Shards of glass scattered across the kitchen floor on a dark winter morning. My mother was dressed for work in a handmade skirt and a blouse with a Peter Pan collar. I was five years old, and probably should have been wearing my boots and mittens, ready for daycare, but I wasn’t. Instead, I had been watching her take hold of the orange juice pitcher with both hands, agitating it as if she could work out her frustrations with this mindless chore.
Making orange juice from concentrate was, the way my mother did it, an overwhelmingly complicated task. She never defrosted it first, and had to run the can under hot water until steam rose above the white enamel sink in our rented townhouse. Then she pried off the lid and sometimes let me lick the yellow slush. I remember its heady sweetness tinged with bitterness, a taste so intense I could never decide if I liked it or not.
At this moment in my life, this split-second memory, my mother was just three years removed from her divorce and brief time in Colombia, where citrus trees grow in backyards and juices are squeezed fresh daily. When I take my own daughter to visit my now-elderly father in Colombia, she is reluctant to try them. Guanábana, lulu, maracuyá. These pink and white and yellow juices, with their fresh pulp and earthy sweetness, are far removed from the bottled drinks and imported fruits that my little girl has come to know here in Minnesota.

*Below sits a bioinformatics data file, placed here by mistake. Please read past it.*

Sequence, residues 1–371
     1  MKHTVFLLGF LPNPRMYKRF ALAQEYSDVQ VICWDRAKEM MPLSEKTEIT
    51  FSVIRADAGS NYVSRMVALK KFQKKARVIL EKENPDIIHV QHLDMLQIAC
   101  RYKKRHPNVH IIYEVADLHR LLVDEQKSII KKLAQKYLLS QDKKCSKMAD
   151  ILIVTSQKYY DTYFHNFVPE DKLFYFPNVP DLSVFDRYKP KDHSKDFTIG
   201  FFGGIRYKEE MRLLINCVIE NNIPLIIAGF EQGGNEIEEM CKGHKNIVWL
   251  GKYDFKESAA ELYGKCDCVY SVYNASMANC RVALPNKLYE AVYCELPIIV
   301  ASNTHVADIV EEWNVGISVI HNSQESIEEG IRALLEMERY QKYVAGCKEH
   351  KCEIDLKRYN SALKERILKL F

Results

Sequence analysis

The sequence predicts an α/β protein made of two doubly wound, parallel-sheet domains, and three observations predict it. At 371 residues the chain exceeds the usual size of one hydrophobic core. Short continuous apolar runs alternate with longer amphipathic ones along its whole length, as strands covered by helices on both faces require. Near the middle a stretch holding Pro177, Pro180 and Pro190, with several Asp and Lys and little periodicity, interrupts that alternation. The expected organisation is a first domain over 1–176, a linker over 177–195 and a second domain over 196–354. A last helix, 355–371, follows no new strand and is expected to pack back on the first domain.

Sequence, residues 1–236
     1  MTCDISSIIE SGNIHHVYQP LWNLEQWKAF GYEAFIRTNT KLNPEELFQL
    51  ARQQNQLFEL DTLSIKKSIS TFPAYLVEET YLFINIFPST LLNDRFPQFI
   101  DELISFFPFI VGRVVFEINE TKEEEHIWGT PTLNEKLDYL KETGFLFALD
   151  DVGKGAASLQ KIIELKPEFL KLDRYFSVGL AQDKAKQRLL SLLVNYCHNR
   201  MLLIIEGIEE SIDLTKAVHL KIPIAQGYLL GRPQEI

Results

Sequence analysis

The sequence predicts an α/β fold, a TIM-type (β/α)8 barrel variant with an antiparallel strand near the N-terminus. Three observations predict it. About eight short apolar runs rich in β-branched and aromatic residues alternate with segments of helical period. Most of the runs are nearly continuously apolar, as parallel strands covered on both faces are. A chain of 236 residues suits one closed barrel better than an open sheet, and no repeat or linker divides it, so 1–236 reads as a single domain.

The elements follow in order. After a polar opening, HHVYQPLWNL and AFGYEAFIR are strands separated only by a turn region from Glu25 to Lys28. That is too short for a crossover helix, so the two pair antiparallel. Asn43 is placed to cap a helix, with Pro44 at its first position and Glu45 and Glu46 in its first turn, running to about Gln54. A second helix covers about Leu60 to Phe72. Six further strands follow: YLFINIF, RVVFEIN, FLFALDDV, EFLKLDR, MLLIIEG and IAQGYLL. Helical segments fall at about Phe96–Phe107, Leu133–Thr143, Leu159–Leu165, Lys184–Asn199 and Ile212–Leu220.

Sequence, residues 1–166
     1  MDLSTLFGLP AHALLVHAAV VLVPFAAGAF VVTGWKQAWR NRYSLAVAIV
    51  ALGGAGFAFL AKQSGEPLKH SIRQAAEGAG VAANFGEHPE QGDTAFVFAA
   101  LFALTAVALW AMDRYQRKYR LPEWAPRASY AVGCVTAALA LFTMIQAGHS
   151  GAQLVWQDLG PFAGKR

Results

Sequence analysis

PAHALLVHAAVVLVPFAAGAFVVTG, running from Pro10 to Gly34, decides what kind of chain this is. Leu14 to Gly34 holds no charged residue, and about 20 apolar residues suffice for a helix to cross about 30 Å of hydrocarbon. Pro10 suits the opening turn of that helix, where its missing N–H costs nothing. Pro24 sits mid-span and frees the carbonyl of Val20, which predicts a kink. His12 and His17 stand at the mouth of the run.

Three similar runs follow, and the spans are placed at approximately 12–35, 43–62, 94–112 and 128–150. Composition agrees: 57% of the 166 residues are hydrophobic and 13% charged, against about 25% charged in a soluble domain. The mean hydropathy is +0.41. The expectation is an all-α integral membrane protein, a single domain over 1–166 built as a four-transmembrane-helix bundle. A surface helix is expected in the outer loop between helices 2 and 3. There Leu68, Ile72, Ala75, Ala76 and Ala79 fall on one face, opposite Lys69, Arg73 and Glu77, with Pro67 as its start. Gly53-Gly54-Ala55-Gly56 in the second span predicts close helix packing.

For my daughter, tasting these juices fresh from farm and tree must be as strange as it was for my mother to empty the contents of a cardboard can into a glass pitcher, watch the impotent cylinder of yellow-orange ice land with a thud. She would measure three cans of water and then begin to attack the frozen lump with a wooden spoon. Some mornings she was patient, would stir slowly, humming, letting the water do the work of melting. Most days she would beat at it, clanging the spoon against the side of the pitcher like an imprecise percussionist.
Thirty years later I walk the aisles of Whole Foods or the local co-op, choose a carton of not-from-concentrate, organically grown orange juice, fortified with calcium. Somewhere in an upper cupboard there is a pitcher I never use, maybe a wedding gift made of shatterproof Williams-Sonoma glass with a BPA-free lid. In the mornings before daycare, I pour a cup of juice for my daughter, who has never seen a woman try to make one thing into a close approximation of another.
“Don’t come in the kitchen,” my mother warned me. Her duty was to keep my stocking feet safe from slivers and to get me out of her way so she could begin filling a dustpan with chunks of glass so wet and clear they could have been icicles. I don’t think she cried, although if she had I wouldn’t have blamed her. A glass of orange juice—that’s all she wanted. But my mother always seemed to make things harder than they needed to be.